Joe watched Methos’ leg twitch and looked up to see his grimace. “I think the soles of my boots have melted to my feet.”
Joe winced; it had been a long time since he’d had feet, but he could appreciate how much it was likely to hurt. He saw Methos’ hand reach for another of the exposed shards of bone and he looked away, making a pretence of studying their surroundings. It was a bit harder to ignore the sound this time and Methos’ swearing, but when it had finally devolved into harshly panted breaths, Joe spoke. “You know, someone needs to tell Mac that chemical plants might be remote, but they’re not really sensible locations to have a Quickening.”
Methos gave a breathless chuckle, “Do you want to tell him or shall I?”
Joe looked at Methos aghast, “And explain what we were both doing here? Are you insane?”
Methos shrugged, the movement oddly fluid, and he shifted his legs a little, wincing all the while, “Frequently – but not so’s you’d notice.”
Joe opened his mouth to comment and paused, hearing sirens in the distance. He looked across at Methos, who had obviously heard them too, “You well enough to move?”
Methos’ expression spoke eloquently, but he braced his hands on the ground and struggled to get his legs beneath him. Joe watched the painful manoeuvring for a few seconds before standing and moving carefully closer. He braced himself as much as he could and offered his free hand. Methos eyed it warily for a moment, then reached up and grasped it firmly.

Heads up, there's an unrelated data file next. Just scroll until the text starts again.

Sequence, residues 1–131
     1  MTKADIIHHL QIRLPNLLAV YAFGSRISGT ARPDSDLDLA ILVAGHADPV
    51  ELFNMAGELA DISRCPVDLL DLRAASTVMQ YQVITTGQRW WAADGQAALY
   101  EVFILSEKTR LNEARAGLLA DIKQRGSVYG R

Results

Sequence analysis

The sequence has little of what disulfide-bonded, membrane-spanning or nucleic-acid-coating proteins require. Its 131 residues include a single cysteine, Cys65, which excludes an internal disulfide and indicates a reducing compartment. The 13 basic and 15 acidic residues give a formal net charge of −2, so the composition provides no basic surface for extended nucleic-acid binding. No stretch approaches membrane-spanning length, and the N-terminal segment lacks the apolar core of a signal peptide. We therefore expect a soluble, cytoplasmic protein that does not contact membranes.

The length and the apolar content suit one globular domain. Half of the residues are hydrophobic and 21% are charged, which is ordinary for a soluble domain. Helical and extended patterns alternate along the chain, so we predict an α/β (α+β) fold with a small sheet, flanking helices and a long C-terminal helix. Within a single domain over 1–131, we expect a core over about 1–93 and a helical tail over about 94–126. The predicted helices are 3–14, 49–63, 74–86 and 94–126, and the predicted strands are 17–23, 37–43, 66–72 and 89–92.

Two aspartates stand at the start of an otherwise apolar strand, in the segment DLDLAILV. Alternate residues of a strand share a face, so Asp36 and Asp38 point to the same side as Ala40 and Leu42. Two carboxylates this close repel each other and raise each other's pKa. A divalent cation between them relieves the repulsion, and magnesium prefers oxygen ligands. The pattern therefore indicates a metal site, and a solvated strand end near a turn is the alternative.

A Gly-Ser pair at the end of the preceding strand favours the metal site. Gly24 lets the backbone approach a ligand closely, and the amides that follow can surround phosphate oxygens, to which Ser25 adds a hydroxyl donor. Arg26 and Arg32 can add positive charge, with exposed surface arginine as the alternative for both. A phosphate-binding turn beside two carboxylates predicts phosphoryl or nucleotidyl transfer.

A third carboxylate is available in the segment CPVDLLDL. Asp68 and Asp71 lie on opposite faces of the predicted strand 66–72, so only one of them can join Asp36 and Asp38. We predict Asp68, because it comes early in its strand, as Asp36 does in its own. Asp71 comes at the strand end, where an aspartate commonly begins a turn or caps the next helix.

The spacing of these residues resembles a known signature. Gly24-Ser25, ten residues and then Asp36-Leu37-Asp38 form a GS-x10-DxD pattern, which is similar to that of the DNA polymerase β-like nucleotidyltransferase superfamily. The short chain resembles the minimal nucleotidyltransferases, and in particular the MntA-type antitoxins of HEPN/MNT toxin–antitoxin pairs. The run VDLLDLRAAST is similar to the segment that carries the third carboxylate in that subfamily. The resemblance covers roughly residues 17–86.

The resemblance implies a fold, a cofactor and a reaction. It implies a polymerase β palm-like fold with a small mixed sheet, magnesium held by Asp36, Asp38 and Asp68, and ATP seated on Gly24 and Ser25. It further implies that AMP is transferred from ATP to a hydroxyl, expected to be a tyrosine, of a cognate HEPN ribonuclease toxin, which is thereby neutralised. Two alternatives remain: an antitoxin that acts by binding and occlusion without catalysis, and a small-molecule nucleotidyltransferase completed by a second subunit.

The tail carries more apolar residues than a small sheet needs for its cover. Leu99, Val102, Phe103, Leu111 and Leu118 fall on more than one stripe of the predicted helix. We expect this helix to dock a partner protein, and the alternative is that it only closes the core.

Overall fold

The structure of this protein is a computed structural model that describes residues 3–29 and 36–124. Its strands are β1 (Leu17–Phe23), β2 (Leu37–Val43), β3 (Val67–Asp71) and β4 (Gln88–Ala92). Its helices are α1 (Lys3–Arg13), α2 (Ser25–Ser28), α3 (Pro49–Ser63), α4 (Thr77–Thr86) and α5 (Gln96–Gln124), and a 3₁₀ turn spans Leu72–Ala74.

Joe could feel the roughness of sword calluses and the faint trembling of the rest of Methos’ body transmitted through the vice-like grip. He met Methos’ eyes and then heaved back as Methos pushed forward and up. The result was an armful of Immortal and a kind of precarious balance where they were leaning into each other for support, but at least they were both upright.
Methos’ grip slackened enough to allow Joe to regain his footing securely, then a long arm wrapped around his shoulders and he felt at least a portion of Methos’ weight. He suspected it was probably not as much as it needed to be, but realistically he couldn’t support the weight of a full grown man on a pair of plastic legs and a cane.
The first step resulted in a popping sound somewhere in the vicinity of Methos’ ankle, but he only hissed a breath and briefly tightened his grip. He looked at Joe and their eyes met from a distance of only inches. “You realise of course that this is all Mac’s fault,” Methos sighed with equal amounts resignation and humour.
“No, it ain’t,” Joe responded as he began to carefully move them forward, knowing it wasn’t a serious complaint. “It’s just the price we pay for caring.”
Methos rolled his eyes as he took small, careful steps, “We should bill him.”
Joe grinned, “I already do.”
Methos turned his head to look at him green eyes alight with interest, “Oh?”
Joe didn’t meet Methos’ gaze, instead focusing on the debris-strewn floor as they inched forwards, “What? You think Scotch really costs what I charge him?”
Methos laughed out loud, “Joseph Dawson - I hope he knows what he’s got in you, because I’d pay a lot more than over the odds on a case of scotch for a friend like you.”
Joe flicked a sly glance at his friend, “What makes you think you don’t?” And in the back of his head the phantom sounds of the jungle were replaced by the echoes of Methos’ warm chuckle.
30th November 2007